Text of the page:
The thoughts, musings, rants and observations of Barry Rubinstein, a longtime sports journalism pro now starring as a digital and print editor on the sports desk at the New York Post.

Tuesday, July 31, 2012

Athletes need to think before they tweet. Yeah, right.



There are a lot of things you can do with 140 characters. You can tweak one of the best-known players in the history of your sport. You can go off on a racist, offensive rant about people in your country. You can go on a racist, offensive rant about people from other countries.


And that's just after the first three full days of the Olympic Games in London.


Let's recap, shall we?


First, Hope Solo, the erstwhile America's Darling, morphed into a tweet twit when she called out NBC commentator Brandi Chastain for her analysis during an early-round U.S. women's soccer match in London. Solo thought Chastain was, well, chastising Team USA's play a little too vigorously, saying Chastain should stop criticizing Solo's and the Americans' play "until you get more educated."


"Its 2 bad we cant have commentators who better represents the team&knows more about the game@brandichastain!"


This is the same Chastain who only scored the most significant goal in U.S. women's soccer history to win the 1999 World Cup and raise the sports bra to the national consciousness.


Then there's the case of Greek triple-jumper Voula Papachristou, who on the eve of the biggest moment of her life -- competing in the Olympics -- chose to make a "joke" loosely related to the Greek Olympic team being away for a couple of weeks:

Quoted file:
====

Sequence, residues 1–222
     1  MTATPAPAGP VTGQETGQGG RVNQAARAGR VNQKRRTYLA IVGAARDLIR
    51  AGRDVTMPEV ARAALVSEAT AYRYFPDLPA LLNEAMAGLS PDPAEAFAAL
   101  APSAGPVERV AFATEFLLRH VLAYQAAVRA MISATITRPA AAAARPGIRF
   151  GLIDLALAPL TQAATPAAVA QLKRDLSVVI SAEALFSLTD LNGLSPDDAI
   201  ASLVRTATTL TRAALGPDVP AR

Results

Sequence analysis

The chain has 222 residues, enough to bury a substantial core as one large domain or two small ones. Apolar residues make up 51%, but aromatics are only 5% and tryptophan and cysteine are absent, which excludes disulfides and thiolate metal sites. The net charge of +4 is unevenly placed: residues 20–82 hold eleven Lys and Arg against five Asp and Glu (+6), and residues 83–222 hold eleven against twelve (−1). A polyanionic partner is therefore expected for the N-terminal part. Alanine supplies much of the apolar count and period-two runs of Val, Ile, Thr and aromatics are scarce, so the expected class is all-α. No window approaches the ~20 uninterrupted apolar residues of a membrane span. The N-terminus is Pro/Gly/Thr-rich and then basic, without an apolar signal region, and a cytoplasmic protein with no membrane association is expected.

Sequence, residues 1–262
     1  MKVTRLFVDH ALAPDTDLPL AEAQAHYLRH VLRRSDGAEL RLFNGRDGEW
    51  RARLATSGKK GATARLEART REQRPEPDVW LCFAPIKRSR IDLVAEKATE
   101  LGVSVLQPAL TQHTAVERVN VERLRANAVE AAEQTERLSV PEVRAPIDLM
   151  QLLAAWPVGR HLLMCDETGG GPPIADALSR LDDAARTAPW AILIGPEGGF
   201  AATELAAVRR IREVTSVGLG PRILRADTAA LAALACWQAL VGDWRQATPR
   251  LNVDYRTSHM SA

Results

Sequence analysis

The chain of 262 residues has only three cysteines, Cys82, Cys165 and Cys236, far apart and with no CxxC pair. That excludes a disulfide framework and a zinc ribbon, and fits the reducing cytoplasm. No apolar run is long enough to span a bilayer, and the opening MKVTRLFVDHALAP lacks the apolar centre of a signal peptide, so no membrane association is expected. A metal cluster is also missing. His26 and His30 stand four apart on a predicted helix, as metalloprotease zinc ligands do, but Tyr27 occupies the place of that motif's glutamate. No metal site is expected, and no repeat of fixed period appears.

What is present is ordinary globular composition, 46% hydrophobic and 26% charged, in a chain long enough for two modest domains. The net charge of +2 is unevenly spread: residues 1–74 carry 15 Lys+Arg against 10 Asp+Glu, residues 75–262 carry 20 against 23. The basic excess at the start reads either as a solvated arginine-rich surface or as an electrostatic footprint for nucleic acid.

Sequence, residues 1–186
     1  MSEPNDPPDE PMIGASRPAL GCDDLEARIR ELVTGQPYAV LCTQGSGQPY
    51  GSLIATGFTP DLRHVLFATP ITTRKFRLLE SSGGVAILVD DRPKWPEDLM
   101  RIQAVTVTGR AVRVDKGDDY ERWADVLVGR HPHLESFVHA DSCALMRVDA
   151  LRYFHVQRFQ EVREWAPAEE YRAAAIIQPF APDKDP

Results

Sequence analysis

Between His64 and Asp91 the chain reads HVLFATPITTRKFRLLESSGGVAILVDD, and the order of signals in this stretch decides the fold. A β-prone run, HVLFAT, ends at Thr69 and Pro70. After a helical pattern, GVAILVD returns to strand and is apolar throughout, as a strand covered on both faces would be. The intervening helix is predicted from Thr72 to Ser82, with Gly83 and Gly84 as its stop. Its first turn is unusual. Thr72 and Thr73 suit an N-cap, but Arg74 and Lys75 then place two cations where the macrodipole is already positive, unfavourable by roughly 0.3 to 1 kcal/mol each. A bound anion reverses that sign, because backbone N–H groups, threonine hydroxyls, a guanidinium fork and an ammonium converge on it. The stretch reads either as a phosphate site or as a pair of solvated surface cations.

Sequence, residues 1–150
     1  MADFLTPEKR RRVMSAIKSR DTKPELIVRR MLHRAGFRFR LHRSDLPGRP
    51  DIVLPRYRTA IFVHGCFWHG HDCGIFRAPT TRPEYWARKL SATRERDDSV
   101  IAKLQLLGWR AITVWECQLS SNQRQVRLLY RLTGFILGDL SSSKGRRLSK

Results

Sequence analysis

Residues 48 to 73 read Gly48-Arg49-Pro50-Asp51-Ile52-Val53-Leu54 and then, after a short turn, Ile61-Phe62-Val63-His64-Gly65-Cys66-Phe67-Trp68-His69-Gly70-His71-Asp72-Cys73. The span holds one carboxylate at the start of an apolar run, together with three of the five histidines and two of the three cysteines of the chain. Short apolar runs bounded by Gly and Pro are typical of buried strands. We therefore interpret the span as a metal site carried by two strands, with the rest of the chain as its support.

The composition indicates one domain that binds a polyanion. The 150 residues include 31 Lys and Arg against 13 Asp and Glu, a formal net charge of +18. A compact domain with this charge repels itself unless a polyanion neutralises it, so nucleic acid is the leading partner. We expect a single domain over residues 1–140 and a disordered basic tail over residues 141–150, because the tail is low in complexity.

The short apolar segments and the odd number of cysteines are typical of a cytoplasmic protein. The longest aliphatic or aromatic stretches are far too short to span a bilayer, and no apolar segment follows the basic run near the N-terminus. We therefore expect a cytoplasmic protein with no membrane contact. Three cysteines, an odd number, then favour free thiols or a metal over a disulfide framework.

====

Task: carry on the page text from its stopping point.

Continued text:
"With so many Africans in Greece ... At least the West Nile mosquitoes will eat home made food!!!"


Stay classy, Athens. This from an athlete representing a country regarded as the home of the modern Olympics. The Greek Olympic Committee made its own subsequent statement, kicking Papachristou off the team "for statements contrary to the values and ideas of the Olympic movement."


The die had clearly been cast, a warning shot across the bow to any other tormented soul in the Olympic Village who might have been thinking about casting similar aspersions toward some other religious, ethnic or opinion-impaired group or person.


But Michel Morganella, a soccer player from Switzerland  -- Switzerland! -- didn't get the memo.


After a 2-1 loss to South Korea, in the true Olympic spirit of sportsmanship, Morganella took to his Twitter feed and banged out this gem, a rough translation courtesy of deadspin.com:


"I will smash all the Koreans, go burn all of you, bunch of retards."


The Swiss have never been to war in their history, but there's a first time for everything.


Olympic athletes aren't alone in their ignorance. Amar'e Stoudemire of the Knicks got into hot water last season for making an anti-gay slur in response to a criticizing fan. Rio Ferdinand, who plays for Manchester United, recently was disciplined by the Football Association for a racially-insensitive tweet toward an opponent. And on and on.


But there is hope the insanity can be stopped. Cincinnati Bengals coach Marvin Lewis -- who had to deal with the antics of the twitter-happy artist formerly known as Chad Ochocinco -- has banned his team from tweeting during training camp, a move other teams in the NFL and other sports should take notice of.


"I don't see how tweeting is going to help us win a football game," Lewis told Yahoo! Sports. "It's not best for our football team to be involved in that. It's best that we just take care of ourselves and not announce what we're doing or not doing, or who did this or who did that, and commenting on what's going on in other sports. Let's be football players."


Or at the very least, think, and look both ways before crossing the tweet.

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